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Wednesday, April 26, 2017

Blog post about Passover in Moab

Here's a nice blog post by Scott Bratt, who attended Passover in Moab.  Bratt runs

Monday, March 6, 2017

Toba Levinson: What I learned about God and Doughnuts

We buried Toba Levinson on a sunny day in late-January, just days after I realized that she had changed my understanding of God.

Those of you who shop at the King Soopers on Table Mesa in Boulder might have known Toba. Or at least seen her. She bagged groceries in the store about 12 years ago.

Toba and her husband Joel moved to Colorado when she was 66. She had owned a  book store back east. It was a cozy nook of a store. Regulars would stop by to get a cup a coffee, catch up on the local gossip and visit with Toba.  I think books may have been beside the point. The point was Toba – always there with a keen observation, a listening ear, a wide-open heart and an even open wider open mind.  

When Toba moved to Boulder to be closer to her children and grandchildren, she found it difficult to meet people. One day the manager at King Soopers offered her a job, “Not everyone knows to put the eggs on top, and I see you do,” he said watching her bag her own groceries.

So she went to work there, not for the money - she had plenty of money - but to meet people.

That is how I came to know Toba. It was a Friday afternoon and I was running through the store with a challah and a toddler and rotisserie chicken and apples. Toba, a petite, sparky lady, bagged my groceries, and tossed in a comment or two about being Jewish and the joy she remembered of sharing Shabbat with her toddlers.

That day forward I always picked Toba’s check-out line. Our conversations were short, sweet, engaging. Occasionally she would call me, perhaps summon me, to go out for coffee at Vic's (later Qs,) which I always did. I’m not claiming her as a close friend –  and that is important to know - but we had tender moments through the years.

Three weeks ago, her son Jeff called me, “Toba is dying and she is asking for you.”

I have spent much of the last month by her bedside. I told her stories  – she loved my stories – and she would share bits of Toba wisdom. Were I to distill them to their essence they would read something like, “Never judge someone by their title,” and “Collect people, not experiences,” and  “Always have something baking in the oven and the front door open to whomever needs an open door,” and "Never under estimate the deliciousness of the simple doughnut," and “Eat dessert first.”

I have walked many people toward their death, but never before have I been with someone who was so clear-headed as she approached her final days.

One day she said, “I’m getting tired now so you hold my hand and I’ll go to sleep.”  She fell asleep quickly and we sat that way for long time, me holding her hand listening to her breathe. The thing -- as you know -- about holding someone’s hand is that if you are holding theirs it means they are also holding yours. Until they are not.

One day about a week before she died, her four (adult) children and I were sitting in her bedroom  and I said, “Toba, I need you to know that you changed what I believe about  God.”  She looked surprised, pleased, curious.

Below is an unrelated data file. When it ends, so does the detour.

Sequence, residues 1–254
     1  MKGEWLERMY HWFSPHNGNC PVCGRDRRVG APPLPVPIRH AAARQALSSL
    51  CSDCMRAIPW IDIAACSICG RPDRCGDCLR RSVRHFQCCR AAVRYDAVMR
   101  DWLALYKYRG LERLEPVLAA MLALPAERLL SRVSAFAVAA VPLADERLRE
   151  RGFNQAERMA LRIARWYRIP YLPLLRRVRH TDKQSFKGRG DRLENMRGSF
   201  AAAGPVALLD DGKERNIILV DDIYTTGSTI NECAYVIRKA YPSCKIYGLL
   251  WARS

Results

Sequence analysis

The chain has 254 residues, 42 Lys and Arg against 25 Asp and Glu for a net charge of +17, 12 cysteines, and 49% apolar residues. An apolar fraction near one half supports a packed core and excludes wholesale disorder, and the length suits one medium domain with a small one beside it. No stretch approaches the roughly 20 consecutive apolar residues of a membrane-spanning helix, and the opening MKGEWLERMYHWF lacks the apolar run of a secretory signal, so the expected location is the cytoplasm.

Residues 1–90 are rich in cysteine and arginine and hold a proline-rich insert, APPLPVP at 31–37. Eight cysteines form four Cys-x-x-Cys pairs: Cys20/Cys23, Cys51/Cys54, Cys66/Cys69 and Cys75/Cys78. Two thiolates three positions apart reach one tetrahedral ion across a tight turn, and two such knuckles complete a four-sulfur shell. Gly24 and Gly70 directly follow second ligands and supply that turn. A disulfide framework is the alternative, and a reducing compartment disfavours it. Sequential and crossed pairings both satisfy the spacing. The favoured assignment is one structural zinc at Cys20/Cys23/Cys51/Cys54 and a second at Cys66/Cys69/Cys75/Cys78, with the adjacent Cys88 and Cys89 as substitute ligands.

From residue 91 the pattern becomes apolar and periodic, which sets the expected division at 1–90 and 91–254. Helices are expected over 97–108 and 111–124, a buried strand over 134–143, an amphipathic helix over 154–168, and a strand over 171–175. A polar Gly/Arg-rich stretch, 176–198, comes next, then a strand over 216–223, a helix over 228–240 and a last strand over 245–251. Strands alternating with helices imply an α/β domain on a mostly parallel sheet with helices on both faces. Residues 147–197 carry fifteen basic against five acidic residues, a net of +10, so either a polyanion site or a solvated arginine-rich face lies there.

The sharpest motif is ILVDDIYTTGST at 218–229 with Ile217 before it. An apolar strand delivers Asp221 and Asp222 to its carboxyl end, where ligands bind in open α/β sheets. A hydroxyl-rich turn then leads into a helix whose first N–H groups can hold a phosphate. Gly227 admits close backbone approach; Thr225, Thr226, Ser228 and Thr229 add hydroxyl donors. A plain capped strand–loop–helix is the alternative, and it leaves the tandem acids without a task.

I continued, “I used to believe what Martin Buber taught, that God is found in what he called I-Thou relationships, relationships in which you connect with the essence of someone, when you know them deeply and encounter them at the deepest level.  But now I realize, that is simply humanity.  Those are the relationships we as humans seek out naturally.”

I continued, “But God, God I believe is experienced in the opposite – in interactions in which we don’t really know the other person, what Buber wrote off as I-It relationships. When we engage with kindness in the more superficial, even transactional relationships with the person who bags your groceries, or pours your coffee or does your taxes and come out feeling tapped into the connection of all being. That  feeling of connection is God. Buber had it reversed.”

Toba smiled, “That’s why you’re my Rabbi,”  she said, and squeezed my hand.

Toba’s funeral was immense. The number of people who knew Toba and came out to celebrate her and say good-bye, stunned me. She knew people from all walks of life.
It was a windy day out in the graveyard in North Boulder and we huddled together both to stay warm and to seek comfort.  I cried my way through the eulogy, but no one minded.

Toba’s been gone a few weeks now and I think of her, and her smile, and the feeling of her hand in mine. Her son has gone back east and we text now and then. I try to focus, as Toba instructed me to, on finding meaning in the little things and of course on some days now, I eat dessert first.

Rabbi Jamie Korngold, Adventure Rabbi

Wednesday, April 27, 2016

Photos from Passover in Moab

Enjoy these photos from Passover in Moab!
Here's a few, but more are posted here:

Sunday, October 25, 2015

This week I attended the Conversation

This week I attended the Conversation, a conference in Baltimore Maryland hosted by the Jewish Week.

Each year 54 Jewish thought leaders from a variety of fields including high tech, media, law, entertainment, politics and education are invited to gather for three days of conversation to talk about the future of Jewish life in this country and explore what it means to be Jewish in the 21st century.

This was an opportunity for me to hang out with people I would never run into on the trails behind Boulder.

So what did I learn? These were my take-aways:

  1. The older generation remains concerned about questions such as intermarriage, the decline of synagogue membership and the decline in belief in God. 
  2. The younger generation has long since moved passed those questions and considers them to be irrelevant.
  3. The younger generation creates innovative expressions of Judaism, many of which the older generations considers inauthentic.
  4. The older generation’s opinion on these expressions may not matter because many in the younger generation have already been wildly successful financially so if they put their money towards Jewish programming, we may not need traditional funders.
  5. The people with their hands on the levers of power make their decisions of whom to fund and promote whimsically. The Jewish world is not a meritocracy. The organizations and rabbis who are funded and promoted may not be the best ones, but they are the one’s with connections to the power towers.